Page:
Myocarditis incidents higher than thought: CDC

WASHINGTON • A higher-than-expected number of young men have experienced heart inflammation after their second dose of the mRNA Covid-19 shots from Pfizer-BioNTech and Moderna, according to data from two vaccine safety monitoring systems, the United States Centres for Disease Control and Prevention (CDC) said on Thursday.

The CDC and other health regulators have been investigating heart inflammation cases after Israel's Health Ministry reported that it has found a likely link to the condition in young men who received Pfizer's Covid-19 vaccine.

The agency said it is still assessing the risk from the condition and has not yet concluded there is a causal relationship between the vaccines and cases of myocarditis or pericarditis.

While some patients needed hospitalisation, most have fully recovered, the CDC said.

More than half of the cases reported to the US Vaccine Adverse Event Reporting System (VAERS) after people had received their second dose of either the Pfizer or Moderna vaccine involved people between the ages of 12 and 24, the CDC said. That age group accounted for less than 9 per cent of the doses administered.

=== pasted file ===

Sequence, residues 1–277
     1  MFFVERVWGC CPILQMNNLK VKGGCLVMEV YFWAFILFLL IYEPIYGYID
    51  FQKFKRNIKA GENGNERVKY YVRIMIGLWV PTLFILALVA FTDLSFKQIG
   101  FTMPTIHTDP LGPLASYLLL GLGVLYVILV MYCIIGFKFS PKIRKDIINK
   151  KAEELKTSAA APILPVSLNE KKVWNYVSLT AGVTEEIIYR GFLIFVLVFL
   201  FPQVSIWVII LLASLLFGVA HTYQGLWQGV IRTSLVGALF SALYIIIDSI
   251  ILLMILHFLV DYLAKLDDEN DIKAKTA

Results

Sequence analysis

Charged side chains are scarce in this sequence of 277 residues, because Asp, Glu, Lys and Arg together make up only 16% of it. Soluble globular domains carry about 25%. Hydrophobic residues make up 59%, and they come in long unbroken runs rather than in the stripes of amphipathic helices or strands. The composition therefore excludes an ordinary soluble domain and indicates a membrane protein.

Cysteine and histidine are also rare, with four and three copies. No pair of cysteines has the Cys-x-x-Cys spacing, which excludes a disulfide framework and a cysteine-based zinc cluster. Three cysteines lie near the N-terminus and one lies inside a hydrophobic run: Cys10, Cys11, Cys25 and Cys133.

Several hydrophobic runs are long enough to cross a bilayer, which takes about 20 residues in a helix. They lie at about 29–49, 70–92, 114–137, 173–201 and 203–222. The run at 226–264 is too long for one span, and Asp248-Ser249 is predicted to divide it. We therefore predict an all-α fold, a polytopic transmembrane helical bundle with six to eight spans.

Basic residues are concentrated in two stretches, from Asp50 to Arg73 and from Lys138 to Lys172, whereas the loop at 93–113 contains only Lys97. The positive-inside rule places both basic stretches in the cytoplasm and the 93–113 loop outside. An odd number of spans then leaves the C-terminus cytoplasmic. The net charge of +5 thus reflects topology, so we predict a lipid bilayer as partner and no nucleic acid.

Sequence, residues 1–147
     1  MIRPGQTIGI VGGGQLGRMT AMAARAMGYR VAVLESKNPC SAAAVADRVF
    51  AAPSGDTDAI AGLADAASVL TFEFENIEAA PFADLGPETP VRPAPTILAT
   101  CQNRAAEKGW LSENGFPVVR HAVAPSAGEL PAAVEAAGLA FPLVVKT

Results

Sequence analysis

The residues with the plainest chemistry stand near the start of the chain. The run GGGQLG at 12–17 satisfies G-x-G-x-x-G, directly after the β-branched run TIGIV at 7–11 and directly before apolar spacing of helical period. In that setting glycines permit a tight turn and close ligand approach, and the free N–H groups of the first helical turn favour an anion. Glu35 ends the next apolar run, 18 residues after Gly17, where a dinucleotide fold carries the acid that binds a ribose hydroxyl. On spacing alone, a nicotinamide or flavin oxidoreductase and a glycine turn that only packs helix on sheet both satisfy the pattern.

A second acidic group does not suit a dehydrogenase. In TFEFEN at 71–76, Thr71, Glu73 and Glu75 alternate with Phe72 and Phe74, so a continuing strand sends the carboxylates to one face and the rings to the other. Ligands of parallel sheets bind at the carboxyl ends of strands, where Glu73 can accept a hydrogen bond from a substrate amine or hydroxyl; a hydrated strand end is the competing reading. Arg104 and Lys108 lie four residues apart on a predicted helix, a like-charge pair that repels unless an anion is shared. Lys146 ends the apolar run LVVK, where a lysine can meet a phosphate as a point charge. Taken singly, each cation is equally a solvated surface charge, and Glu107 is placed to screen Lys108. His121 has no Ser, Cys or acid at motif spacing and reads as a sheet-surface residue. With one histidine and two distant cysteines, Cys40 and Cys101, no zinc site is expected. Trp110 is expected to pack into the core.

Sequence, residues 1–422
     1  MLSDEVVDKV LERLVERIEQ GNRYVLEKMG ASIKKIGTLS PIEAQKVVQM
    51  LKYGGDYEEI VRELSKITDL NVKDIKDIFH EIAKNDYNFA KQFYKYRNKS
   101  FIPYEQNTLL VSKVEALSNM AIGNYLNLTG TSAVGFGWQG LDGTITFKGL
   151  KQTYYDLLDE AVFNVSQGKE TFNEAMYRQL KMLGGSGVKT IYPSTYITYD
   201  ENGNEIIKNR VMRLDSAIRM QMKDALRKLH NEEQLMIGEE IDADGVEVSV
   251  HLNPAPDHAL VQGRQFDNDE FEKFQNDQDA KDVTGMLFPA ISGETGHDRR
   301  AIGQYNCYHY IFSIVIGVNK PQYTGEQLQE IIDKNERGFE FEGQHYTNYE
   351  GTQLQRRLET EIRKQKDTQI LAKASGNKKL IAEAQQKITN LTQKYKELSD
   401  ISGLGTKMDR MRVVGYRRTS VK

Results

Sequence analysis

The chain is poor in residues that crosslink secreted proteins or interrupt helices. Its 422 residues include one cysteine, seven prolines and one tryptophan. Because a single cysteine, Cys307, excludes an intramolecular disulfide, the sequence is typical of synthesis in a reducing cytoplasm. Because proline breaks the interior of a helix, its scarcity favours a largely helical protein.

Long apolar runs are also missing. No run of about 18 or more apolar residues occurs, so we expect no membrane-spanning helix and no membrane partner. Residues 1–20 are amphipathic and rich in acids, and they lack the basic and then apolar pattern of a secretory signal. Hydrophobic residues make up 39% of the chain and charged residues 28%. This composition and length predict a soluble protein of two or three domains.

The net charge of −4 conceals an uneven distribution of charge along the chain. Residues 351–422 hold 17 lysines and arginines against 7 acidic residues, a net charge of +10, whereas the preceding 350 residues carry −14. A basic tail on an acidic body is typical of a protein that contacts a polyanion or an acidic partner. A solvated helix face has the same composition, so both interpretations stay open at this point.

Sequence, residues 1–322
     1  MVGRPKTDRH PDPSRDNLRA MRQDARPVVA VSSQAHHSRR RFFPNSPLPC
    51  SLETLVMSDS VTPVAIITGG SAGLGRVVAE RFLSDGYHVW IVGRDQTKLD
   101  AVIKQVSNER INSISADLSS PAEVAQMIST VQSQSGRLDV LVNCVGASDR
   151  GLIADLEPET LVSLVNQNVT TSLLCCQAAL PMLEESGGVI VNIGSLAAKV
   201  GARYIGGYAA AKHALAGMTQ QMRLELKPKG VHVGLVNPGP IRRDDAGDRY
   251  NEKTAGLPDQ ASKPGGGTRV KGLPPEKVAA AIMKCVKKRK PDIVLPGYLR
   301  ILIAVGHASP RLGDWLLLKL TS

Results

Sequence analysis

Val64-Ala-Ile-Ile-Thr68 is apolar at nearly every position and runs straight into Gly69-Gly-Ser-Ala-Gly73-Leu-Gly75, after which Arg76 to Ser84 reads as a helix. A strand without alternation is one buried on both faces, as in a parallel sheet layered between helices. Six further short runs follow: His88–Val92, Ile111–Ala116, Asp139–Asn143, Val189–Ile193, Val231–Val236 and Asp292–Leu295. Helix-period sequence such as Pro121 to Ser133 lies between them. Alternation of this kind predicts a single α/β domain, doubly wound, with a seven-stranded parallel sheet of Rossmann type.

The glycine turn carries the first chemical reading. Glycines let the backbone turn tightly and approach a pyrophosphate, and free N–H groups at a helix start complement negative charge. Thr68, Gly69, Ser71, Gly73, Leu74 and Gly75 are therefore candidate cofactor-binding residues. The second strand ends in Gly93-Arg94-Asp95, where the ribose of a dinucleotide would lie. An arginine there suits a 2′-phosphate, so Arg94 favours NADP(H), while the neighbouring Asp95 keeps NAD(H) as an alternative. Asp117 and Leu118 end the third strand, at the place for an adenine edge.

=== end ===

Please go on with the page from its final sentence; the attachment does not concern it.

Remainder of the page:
"We clearly have an imbalance there," Dr Tom Shimabukuro, deputy director of the CDC's Immunisation Safety Office, said in a presentation to the US Food and Drug Administration.

The overwhelming majority of the cases have occurred within a week of vaccination, he added.

There were 283 observed cases of heart inflammation after the second vaccine dose in those aged 16 to 24 in the VAERS data. That compares with expectations of 10 to 102 cases for that age range based on US population background incidence rates, the CDC said. Just under 80 per cent of the cases were in men.

Pfizer said it supports the CDC's assessment, noting that the number of reports is small, given the number of doses administered. "It is important to understand that a careful assessment of the reports is ongoing and it has not been concluded that the mRNA Covid-19 vaccines cause myocarditis or pericarditis," it said in a statement.


A version of this article appeared in the print edition of The Straits Times on June 12, 2021, with the headline 'Myocarditis incidents higher than thought: CDC'. Subscribe